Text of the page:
Feasibility and Investigator Selection


Non-commercial trials which fail to meet their targets often result in a request for further funding, or may fail to achieve a statistically significant result. It is important that a proper feasibility assessment is undertaken for any proposed trial.

For larger trials, the sponsor should consider, during the funding process, whether a feasibility or pilot study should be undertaken.

In all cases the sponsor should ensure that any barriers to recruitment have been identified and resolved including:

  • Are protocol requirements aligned with current clinical/medical practice?
  • Are inclusion/exclusion criteria too restrictive?
  • Is the proposed patient recruitment rate realistic?

Patient and Public Involvement (PPI):

Inviting patients to comment on trial design can make studies more feasible. A studylink opens in a new page from King’s College London, published in the British Journal of Psychiatry showed that trials with higher levels of PPI were 4.12 times more likely to recruit to target. PPI can help shape a number of factors that can improve trial feasibility and recruitment by addressing questions such as:

  • Will the proposed recruitment strategy work? 
  • How could it be made easier for a patient to participate?  
  • How likely are participants going to accept the study schedule/requirements?

The Association of Medical Research Charities and the NIHR Medicines for Children Research Network have produced Points to consider when assessing the feasibility of research which provides further guidance.

Other factors will affect a researcher's ability to deliver a trial effectively. For multi-site trials, the careful selection and evaluation of investigator sites is critical for the successful completion of a trial within budget, timelines and to ensure the generation of high quality data. Factors that should influence investigator site selection include:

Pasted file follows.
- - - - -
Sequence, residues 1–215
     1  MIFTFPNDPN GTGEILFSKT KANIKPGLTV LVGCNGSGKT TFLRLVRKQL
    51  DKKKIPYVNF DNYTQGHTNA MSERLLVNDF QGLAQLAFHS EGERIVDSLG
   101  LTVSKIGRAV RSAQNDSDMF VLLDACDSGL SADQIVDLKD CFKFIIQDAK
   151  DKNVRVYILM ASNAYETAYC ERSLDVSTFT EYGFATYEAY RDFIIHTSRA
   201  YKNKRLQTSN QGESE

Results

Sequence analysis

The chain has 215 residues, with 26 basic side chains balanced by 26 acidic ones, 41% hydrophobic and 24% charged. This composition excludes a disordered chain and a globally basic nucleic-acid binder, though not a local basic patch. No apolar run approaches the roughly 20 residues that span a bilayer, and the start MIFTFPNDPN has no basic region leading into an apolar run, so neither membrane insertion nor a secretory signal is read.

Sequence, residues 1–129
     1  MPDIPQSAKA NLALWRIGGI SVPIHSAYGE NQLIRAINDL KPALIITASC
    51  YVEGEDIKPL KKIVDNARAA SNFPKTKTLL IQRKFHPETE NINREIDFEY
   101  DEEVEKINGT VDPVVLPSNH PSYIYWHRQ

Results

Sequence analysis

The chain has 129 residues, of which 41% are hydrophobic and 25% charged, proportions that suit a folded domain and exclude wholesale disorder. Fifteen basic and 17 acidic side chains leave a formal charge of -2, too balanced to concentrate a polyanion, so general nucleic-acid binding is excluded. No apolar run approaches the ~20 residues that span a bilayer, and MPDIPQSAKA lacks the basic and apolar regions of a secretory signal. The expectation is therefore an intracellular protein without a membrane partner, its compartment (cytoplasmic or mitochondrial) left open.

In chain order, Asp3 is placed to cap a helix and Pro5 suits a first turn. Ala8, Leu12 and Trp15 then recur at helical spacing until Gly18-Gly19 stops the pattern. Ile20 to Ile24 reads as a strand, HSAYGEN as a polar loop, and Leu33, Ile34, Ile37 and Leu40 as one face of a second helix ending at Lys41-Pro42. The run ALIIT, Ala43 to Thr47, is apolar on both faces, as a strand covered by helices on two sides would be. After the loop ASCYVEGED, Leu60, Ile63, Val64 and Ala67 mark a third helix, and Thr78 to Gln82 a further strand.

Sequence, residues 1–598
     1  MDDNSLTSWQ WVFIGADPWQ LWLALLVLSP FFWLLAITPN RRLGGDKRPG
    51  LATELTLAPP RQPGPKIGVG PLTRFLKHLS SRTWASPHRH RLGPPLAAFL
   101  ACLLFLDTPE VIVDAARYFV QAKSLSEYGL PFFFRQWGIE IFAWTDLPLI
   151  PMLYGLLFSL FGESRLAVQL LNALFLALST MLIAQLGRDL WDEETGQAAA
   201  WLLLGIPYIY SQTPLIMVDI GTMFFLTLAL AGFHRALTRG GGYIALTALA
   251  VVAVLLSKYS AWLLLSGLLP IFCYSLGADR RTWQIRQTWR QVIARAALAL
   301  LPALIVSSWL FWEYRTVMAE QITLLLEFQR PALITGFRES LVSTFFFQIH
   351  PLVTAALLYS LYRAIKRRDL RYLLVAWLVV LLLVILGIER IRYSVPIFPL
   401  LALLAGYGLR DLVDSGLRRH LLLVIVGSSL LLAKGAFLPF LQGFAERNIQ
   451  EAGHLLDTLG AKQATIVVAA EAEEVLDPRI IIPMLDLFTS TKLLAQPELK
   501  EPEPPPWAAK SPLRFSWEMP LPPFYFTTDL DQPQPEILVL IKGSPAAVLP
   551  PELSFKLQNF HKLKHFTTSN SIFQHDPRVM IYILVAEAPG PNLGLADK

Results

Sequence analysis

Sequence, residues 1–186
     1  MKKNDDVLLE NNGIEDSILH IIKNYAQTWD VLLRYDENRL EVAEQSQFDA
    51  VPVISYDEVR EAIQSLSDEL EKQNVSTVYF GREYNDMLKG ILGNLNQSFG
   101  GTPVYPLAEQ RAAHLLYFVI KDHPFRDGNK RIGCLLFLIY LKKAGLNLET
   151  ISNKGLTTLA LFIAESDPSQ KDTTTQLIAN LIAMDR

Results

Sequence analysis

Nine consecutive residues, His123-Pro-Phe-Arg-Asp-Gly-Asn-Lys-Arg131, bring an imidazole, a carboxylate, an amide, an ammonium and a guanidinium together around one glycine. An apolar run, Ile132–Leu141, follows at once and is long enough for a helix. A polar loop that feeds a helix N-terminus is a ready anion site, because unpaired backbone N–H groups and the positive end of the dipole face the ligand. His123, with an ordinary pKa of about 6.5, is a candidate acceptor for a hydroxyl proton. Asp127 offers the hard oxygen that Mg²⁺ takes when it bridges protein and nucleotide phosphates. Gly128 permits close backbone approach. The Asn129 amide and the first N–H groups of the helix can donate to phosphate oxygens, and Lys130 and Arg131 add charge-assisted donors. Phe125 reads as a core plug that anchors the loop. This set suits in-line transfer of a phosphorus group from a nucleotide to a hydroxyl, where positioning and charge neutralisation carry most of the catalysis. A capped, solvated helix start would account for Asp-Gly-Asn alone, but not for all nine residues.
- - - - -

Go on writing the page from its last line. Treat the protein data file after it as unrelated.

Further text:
• Interest in the research question
  • Experience and qualifications of the investigator
  • Sufficient staff to conduct the study and their experience and qualifications
  • Availability of suitable patient population:
    • Anticipated rate of patient recruitment (determined through feasibility assessments)
    • Conflicting studies (competing for the patient population and potentially introducing recruitment bias)
  • Adequate time to conduct and oversee the trial
  • Adequate facilities:
    • Availability of any specialised diagnostic or therapeutic equipment required by the protocol
    • Adequate space and storage conditions (including archive)
    • Available resources in NHS support departments
  • Track record with similar trials previously
  • Geographic location
  • Contractual and budgetary negotiations and arrangements.

When undertaking site selection, the preparation of ‘reserve’ investigator sites (so that the trial may be extended to these sites if recruitment issues arise) should be considered as part of proactive trial planning.

Further reading: